1. Use a url property to signify a link for an object
  2. Use *_url properties to signify related links to that object

There are no tools you need to do this and no special documentation you must provide for your API consumers other than documenting what links you add. You are even free to modify these rules of RESTful JSON to suit your needs, such as using camel case instead of snake case (e.g. authorUrl instead of author_url). In short, just add links.

Pagination is a good example of where RESTful JSON helps. We’ve probably all seen pagination implementations that require API consumers to add and modify query string parameters to traverse large collections of information. These APIs specify parameters like offset and limit for consumers to define where to start in the results and how many items to return from that start. Consumers then do the math to get each page.

Below is an example of how pagination might work with RESTful JSON. The example includes a link to itself along with a next_url link to the next list of items. It also includes a docs_url that might link to documentation for the current response.

{
"url": "...",
"items": [...],
"next_url": "...",
"docs_url": "http://docs.example.com/books"
}

While there is explicit information here, the links also imply information about the available actions. The absence of the “previous” link tells the consumer they are at the first page, and the presence of the “next” link tells the consumer there are more pages in the collection. Math and pagination logic are not needed to interact with paginated data, just the ability to follow links.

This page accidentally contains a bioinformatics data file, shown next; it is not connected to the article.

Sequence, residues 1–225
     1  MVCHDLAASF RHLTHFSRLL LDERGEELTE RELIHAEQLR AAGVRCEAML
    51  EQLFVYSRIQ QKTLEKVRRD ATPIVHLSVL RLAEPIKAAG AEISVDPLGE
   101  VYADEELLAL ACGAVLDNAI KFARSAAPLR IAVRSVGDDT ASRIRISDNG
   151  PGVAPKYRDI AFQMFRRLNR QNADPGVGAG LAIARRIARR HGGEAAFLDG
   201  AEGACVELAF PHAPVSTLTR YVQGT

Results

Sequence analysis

But how does the consumer know it has made it to the end if it’s traversing links? Below is the last page of the paginated results.

{
"url": "...",
"items": [...],
"prev_url": "...",
"docs_url": "http://docs.example.com/books"
}

The absence of the “next” link signifies the end of the collection. Pagination logic on the server may change over time, but clients following links will continue following links.

How to get started with RESTful JSON?

The first step is to check out the documentation to get an idea of the rules and guidelines. Then begin implementing by pragmatically adding links to your API responses where it makes sense. Start removing functionality for building URLs by relying on those new links. Look for functionality that could be deleted in favor of relying on links. Let the link become the way by which the servers drive application state for clients.

As mentioned, RESTful JSON allows for the use of existing tools and technologies. If you’re using the OpenAPI spec (formerly Swagger), API Blueprint, or any other API description format, you can document your links in your models and data structures just like you would any JSON properties. Many API clients like Postman or Insomnia will let you follow links in API responses, which means you allow consumers to browse your API with the tools they already use. And state machine libraries will aid in determining runtime behavior for when a link should be present in an API response.

RESTful JSON is about taking small steps in hopes of yielding evolvability, resiliency over the life of an API. We hope it’s as helpful an idea for you as it has been for us.

Feedback for RESTful JSON is helpful and encouraged. Thanks go out to Mark W. Foster for co-authoring RESTful JSON and providing invaluable feedback for this article. You can find me on Twitter as well.